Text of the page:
the last 'mien of the LegAatere : we allude to this
art prosidisq for a transfer of the public improce•
to a company ~
PUBLISHED EVERY WEDNESDAY, AT TOWANDA, BRADFORD C?UIfiTY, PA., BY E. S. GOODRICH I; SON.,
On the 9th of February last, Mr. Williamson,.a
Federal member from Chester county, , read in his
place • a bill entitled "An act to incorporate the
Pennsylvania Canal and Railroad Company, and
to provide a sinking fund for the public debt,"
which was laid on the table. On the 12th of the
same month, this bill was committed to the Com
mittee of Internal Improvements, and on the 17th,
it was reported to the Senate. On the 2241 it was
referred to the Committee ofthe Whole, and on the
same day reported back to the Senate, and on mo
tion !of Messrs. Carson and Johnsor, both conspic
uous Whigs, the bill was immediately read a sec
ond time, and on the question, shall it pass ! the
question was, on motion of Messrs. Bigler and
Dimmick, postponed for the present. On the 27th,
Messrs., Johnson and Smyser, both Whigs, moved
that the Senate proceed to the consideration of the
bill; when a motion was made by Messrs. Black
and Anderson to postpone, which was negatived by
a party vote—the Democrats voting in the affirma
tive imd the Federals in the negative. The ques
tion then recurring on the first section of the bill,
passed in the affirmative by a party vote—r, to
and then the remaining sections passed.
On the 2d March, it was ordered to be; trans
cribed for a third reading. On thh Bth Match it
passed a third reading by the following vote
Yeas—Messrs. Boas, Carson, Comman, Crabb,
Darragh, Darsie, Gillis, Harris, Johnson, Jordan,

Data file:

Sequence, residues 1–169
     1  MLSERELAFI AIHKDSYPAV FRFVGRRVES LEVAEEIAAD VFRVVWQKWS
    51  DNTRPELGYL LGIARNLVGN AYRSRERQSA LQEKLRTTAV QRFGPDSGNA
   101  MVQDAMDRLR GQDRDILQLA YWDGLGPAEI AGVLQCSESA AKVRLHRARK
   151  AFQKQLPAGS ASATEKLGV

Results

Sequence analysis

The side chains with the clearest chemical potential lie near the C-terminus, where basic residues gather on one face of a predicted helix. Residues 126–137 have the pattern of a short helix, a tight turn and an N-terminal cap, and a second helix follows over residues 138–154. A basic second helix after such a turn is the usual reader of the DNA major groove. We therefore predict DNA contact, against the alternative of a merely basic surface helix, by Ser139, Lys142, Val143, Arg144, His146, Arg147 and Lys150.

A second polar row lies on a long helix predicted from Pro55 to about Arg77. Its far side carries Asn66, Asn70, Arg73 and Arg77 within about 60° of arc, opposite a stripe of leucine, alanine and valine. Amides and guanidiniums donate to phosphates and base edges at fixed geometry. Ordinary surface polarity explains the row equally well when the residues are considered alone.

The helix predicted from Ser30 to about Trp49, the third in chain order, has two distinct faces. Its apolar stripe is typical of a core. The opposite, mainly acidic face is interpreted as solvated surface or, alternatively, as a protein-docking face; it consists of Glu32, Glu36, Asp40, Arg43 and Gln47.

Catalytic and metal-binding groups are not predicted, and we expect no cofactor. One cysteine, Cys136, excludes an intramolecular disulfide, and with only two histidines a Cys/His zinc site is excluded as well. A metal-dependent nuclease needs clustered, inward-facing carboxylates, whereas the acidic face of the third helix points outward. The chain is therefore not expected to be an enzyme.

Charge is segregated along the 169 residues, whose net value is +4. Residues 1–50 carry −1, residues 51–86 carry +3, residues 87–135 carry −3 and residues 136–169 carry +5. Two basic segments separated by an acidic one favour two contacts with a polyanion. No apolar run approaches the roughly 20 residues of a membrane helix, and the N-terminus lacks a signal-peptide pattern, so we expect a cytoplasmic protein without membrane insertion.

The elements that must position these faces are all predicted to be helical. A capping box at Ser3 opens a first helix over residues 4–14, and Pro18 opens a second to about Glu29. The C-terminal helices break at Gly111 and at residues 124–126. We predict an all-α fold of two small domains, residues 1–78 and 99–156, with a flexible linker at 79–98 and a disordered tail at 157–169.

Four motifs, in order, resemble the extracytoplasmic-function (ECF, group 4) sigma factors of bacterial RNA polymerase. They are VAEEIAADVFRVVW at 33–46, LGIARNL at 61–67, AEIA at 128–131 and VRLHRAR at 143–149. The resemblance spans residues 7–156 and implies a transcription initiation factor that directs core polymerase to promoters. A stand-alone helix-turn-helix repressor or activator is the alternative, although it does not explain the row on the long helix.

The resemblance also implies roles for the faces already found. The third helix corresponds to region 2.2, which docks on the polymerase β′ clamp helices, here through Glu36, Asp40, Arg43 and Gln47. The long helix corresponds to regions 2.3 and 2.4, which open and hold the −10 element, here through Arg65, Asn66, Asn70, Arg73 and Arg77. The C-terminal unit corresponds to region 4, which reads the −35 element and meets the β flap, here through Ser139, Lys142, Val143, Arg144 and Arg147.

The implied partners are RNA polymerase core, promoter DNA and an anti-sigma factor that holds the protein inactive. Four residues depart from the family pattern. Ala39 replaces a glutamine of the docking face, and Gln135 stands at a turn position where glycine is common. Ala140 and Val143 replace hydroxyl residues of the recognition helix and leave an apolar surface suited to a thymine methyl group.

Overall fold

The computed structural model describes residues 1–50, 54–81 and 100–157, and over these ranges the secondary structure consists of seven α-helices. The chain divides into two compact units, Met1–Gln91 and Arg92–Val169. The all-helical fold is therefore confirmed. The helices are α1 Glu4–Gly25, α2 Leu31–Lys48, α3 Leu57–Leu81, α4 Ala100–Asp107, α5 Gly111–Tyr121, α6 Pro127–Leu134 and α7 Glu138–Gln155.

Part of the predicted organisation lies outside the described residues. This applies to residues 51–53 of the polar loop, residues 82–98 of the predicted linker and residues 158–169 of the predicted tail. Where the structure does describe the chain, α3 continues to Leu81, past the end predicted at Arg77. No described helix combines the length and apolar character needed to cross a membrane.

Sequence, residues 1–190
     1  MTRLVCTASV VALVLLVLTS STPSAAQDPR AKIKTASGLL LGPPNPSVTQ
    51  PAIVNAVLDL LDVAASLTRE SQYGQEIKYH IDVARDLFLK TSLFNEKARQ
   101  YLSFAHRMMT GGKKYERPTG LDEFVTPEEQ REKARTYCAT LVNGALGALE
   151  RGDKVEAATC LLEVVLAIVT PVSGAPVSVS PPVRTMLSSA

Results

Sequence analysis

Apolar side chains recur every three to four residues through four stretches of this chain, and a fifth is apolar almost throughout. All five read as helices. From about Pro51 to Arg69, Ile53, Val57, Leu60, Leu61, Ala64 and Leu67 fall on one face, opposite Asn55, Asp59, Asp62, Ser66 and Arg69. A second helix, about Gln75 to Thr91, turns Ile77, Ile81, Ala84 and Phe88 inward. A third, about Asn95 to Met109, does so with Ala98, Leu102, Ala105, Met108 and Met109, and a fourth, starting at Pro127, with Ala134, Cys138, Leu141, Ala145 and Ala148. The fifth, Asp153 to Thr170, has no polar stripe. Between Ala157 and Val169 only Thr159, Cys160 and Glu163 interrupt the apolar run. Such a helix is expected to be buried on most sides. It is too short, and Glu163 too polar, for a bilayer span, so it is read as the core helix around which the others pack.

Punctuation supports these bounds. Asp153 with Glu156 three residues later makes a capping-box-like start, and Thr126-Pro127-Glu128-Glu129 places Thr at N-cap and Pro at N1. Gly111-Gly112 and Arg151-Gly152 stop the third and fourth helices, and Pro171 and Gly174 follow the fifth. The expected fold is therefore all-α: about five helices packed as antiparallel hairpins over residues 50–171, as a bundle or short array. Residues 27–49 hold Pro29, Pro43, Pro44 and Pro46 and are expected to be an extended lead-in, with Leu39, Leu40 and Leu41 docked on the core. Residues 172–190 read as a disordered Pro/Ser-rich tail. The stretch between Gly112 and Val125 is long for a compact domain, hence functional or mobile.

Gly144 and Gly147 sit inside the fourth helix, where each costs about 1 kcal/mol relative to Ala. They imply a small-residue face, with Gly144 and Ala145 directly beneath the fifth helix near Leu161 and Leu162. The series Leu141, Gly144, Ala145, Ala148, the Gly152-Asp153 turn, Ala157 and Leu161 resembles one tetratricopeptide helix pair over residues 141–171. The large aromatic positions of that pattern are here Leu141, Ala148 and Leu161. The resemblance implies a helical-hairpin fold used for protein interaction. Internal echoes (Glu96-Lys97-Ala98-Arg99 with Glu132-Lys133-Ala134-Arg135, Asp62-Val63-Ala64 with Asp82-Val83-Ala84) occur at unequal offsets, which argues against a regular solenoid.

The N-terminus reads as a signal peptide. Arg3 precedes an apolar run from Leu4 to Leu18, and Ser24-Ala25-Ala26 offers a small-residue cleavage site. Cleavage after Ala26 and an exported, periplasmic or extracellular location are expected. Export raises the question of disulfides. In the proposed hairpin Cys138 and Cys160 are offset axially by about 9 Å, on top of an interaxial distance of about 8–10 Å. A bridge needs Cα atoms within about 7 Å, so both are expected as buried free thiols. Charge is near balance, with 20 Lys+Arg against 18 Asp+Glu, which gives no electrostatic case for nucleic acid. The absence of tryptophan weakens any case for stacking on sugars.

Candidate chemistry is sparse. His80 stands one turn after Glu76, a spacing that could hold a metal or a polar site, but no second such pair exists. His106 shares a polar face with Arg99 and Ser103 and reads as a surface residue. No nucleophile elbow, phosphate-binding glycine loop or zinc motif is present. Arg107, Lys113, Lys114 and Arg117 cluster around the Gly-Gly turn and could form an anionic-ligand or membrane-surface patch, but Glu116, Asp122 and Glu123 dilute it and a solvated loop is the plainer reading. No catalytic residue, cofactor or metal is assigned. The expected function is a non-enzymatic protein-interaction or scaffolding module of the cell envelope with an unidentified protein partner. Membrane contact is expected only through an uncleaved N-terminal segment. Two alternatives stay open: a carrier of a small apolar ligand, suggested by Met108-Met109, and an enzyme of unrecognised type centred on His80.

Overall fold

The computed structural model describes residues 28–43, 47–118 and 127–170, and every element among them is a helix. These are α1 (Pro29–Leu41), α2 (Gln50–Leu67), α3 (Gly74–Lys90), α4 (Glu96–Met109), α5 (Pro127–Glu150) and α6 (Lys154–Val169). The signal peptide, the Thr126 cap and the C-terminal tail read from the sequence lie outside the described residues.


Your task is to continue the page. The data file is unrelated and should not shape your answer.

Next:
Levis, Morrison, Rich, Richards, Sanderson. Smith,
Eimyser a Williamson and Gibbons. 19, all Federal
ists except Mr. Gillis. Nays—Messrs. Anderson,
Benner, Bigler, Black, Creac.raft, Hill, Hoover, Ma
son, Overfield, Potteiger and Rom, 11, all Demo
Now we unhesitatingly pronounce the passage
of this bill as the boldest and most reckless mea
sure and the greatest fraud on the people of this
State. that has been attempted since the passage of
the Bank of the United States in 1836. by a most
corrupt and foul combination. Mirk fellow citi
zens how these Federal.l.4slators attempt to de
ceive you when they contemplate a fraud upon the
people. The bill which contained !the charter!of
the Bank of the United States, was Ori,ginallyfr" an
act to repeal the State taxes and provide for a con
tinuation of the public improvements." The one
under consideration i was a bill to incorporate the
Pennsylvania Canal; and Railroad company, and
provide a sinking ; "wad for .titre paynted of the State
Mark the deception; the one was to repeal the
State taxes, the other to provide a sinking fond, but
both in reality calculated to rob the people and en
tail perpetual' taxation on them. Now fellOw citi
zens are you not curious to know what this mea
sure for providing a sinking fund to pay the State
debt was. We will tell you. It was an act to take
from you the control of sour whole line of public
improvements fiom Philadelphia to Pittsburg, in